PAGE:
Tens of thousands of Louisiana’s poorest and most vulnerable residents were notified this week that their Medicaid benefits could be cut off on July 1, if budget cuts passed by the Louisiana House of Representatives become law. Included in this figure are more than 20,000 nursing home residents who would face eviction. Thousands more who suffer from mental or physical disabilities, and who reside in group homes or receive home health care aid, would also see their benefits eliminated and face homelessness.
The Louisiana Nursing Home Association has stated that if the proposed cuts go through, it could lead to the closure of most nursing homes in the state, which would mean those residents with private insurance would also face eviction. As many as 25,000 nursing home employees could also lose their jobs as a result of the cuts.
The House bill eliminates $648 million from the state budget, including $538 million from health care programs. If it is approved by the State Senate, Louisiana would ultimately face a reduction of $1.8 billion dollars in its health care budget because it would no longer qualify for over $1 billion in federal funds, according to the Times-Picayune. Both houses of the state legislature are controlled by the Republican Party, while Governor John Bel Edwards is a Democrat.
Four major Medicaid programs are scheduled for elimination under the House budget plan. This would include programs that offer substance abuse and mental health treatment. The majority of the cuts would come from the Medicaid Long Term Care Special Income Level Program, which provides Medicaid services to elderly and disabled residents whose incomes range from $750 to $2,250 a month. Approximately 80 percent of Louisiana nursing home residents are beneficiaries of this program. The House budget would end benefits for anyone who earns more than $750 per month or $9,000 annually.
The federal government would have to approve the state’s plan to eliminate these programs. Considering the Trump administration’s recent executive order requiring all federal departments to eliminate social assistance programs that do not have work requirements attached to them, approval seems likely.
Jim Tucker, CEO of a nonprofit that operates nursing homes throughout the state and a former speaker of the Louisiana House, told CNN, “Our patients are old, they are frail. They have multiple health issues, and the stress of coming to realize that they are going to lose their funding that allows them to stay in a nursing home, and have no other known option, I believe could kill people.”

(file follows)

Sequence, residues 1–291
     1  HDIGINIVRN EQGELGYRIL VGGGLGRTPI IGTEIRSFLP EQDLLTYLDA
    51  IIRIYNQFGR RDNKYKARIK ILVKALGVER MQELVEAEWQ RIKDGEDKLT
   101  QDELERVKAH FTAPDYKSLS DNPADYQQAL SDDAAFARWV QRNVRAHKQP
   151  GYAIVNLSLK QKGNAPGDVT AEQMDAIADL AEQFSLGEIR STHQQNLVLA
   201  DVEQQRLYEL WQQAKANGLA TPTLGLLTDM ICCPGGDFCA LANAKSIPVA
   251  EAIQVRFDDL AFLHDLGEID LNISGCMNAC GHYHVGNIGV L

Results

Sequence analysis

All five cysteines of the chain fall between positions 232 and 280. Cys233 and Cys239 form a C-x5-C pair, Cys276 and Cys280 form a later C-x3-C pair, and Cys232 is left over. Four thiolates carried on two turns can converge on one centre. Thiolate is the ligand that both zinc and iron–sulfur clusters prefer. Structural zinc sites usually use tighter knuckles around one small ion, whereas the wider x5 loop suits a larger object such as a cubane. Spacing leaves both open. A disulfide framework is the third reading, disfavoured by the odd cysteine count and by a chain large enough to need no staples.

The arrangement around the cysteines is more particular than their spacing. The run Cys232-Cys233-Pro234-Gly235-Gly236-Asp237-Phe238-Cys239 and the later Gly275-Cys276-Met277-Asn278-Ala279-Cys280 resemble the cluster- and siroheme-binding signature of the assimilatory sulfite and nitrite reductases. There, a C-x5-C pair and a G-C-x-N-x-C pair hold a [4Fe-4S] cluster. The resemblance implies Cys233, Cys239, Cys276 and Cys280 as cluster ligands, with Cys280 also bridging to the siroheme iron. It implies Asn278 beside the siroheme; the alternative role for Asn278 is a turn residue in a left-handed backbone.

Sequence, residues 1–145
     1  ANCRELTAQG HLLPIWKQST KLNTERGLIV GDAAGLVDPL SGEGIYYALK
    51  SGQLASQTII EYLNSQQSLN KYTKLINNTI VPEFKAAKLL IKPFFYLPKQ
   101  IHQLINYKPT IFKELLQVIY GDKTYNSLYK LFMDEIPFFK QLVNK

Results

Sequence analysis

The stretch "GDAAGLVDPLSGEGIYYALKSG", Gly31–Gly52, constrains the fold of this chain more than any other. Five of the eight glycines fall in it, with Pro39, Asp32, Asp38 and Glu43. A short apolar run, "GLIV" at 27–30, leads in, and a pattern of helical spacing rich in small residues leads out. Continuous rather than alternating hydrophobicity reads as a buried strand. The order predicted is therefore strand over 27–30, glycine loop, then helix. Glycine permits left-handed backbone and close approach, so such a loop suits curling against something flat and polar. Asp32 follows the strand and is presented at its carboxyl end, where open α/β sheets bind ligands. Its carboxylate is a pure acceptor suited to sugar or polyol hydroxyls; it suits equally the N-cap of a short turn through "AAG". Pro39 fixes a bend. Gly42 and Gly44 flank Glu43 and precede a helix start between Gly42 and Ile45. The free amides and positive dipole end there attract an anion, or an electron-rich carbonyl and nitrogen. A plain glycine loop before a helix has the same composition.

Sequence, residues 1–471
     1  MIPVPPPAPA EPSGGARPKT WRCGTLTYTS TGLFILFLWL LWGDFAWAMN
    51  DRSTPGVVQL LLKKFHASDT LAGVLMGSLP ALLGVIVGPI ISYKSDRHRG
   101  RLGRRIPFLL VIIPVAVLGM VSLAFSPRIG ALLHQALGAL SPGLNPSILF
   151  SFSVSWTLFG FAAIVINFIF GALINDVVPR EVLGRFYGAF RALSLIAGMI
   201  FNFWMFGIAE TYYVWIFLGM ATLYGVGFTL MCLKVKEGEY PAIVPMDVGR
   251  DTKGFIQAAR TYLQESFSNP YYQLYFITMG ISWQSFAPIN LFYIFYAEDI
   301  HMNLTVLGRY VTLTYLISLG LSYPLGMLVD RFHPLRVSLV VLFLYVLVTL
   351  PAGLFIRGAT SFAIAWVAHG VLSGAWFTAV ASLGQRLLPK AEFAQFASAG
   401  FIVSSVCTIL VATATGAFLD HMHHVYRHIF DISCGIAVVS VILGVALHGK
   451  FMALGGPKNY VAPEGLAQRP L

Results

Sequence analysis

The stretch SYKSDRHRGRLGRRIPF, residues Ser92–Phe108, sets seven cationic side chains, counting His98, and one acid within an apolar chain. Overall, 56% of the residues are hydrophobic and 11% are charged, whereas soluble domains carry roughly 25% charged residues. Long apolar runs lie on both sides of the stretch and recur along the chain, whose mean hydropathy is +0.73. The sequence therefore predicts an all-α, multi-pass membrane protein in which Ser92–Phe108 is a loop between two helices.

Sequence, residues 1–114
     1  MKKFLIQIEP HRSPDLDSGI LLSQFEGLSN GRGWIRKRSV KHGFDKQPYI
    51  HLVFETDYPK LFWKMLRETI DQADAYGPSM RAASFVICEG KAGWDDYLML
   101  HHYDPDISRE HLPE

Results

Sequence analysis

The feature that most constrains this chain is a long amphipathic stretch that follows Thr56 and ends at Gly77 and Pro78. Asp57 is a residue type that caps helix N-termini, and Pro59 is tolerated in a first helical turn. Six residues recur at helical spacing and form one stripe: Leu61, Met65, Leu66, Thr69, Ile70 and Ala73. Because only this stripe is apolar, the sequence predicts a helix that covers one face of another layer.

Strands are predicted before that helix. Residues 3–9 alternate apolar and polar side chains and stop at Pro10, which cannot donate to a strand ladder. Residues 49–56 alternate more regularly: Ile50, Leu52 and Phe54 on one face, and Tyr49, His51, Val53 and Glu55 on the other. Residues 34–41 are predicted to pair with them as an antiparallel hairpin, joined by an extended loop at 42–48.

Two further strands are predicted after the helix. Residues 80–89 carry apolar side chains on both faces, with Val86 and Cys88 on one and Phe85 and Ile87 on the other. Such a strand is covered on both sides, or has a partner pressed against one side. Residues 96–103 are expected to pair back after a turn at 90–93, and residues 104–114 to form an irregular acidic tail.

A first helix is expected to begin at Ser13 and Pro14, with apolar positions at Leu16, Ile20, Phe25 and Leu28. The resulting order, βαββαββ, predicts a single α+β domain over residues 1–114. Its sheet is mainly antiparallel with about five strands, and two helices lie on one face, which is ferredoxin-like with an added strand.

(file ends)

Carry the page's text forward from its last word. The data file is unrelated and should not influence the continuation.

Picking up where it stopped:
Eleven hospitals throughout the state that provide services to the poor and uninsured would face closure as well, with the doctors, nurses, and other staff losing their jobs. This would lead to additional loss of state revenues from lease payments made to the state by the operators of the hospitals, totaling about $168 million annually.
Funding would also be eliminated for medical residency programs as well as hospitals that pay the staff at medical schools throughout the state. This would result in the state having almost no facilities where medical students receive on-the-job training. The Times-Picayune has reported that this could lead to the closure of Louisiana State University’s two medical schools, and at a minimum would require them to reduce by half the number of medical students enrolled in their program. The university would also have to make reductions in its dental and nursing schools.
The budget shortfall has been attributed by state legislators to the expiration of taxes passed in 2016. The Louisiana House of Representatives refused to pass any new taxes, both in a special session held earlier this year as well as during the regular legislative session in 2017.
The budget cuts to health services have been justified by Louisiana’s political class as well as the local media as being necessary to fund the TOPS program, which provides tuition assistance to 50,000 residents annually. The proposed budget would allocate $233 million to the TOPS program.
The supposed conflict between funding college tuition and providing health care services to the poor is a false one. Just as in the rest of the US, there exists in abundance enough money to provide free tuition and universal health care to all of the residents of Louisiana. The state’s wealthiest family, the Bensons, could cover the budget shortfall with less than half of the $2.8 billion dollars they control. Louisiana is home to more than 60,000 millionaires, in a state where the median household income is less than $40,000 per year. Millionaires pay a state income tax of only 6 percent per year. Additionally, billions of dollars in revenue are generated annually in offshore drilling by the large energy companies, only a fraction of which is remitted to the state.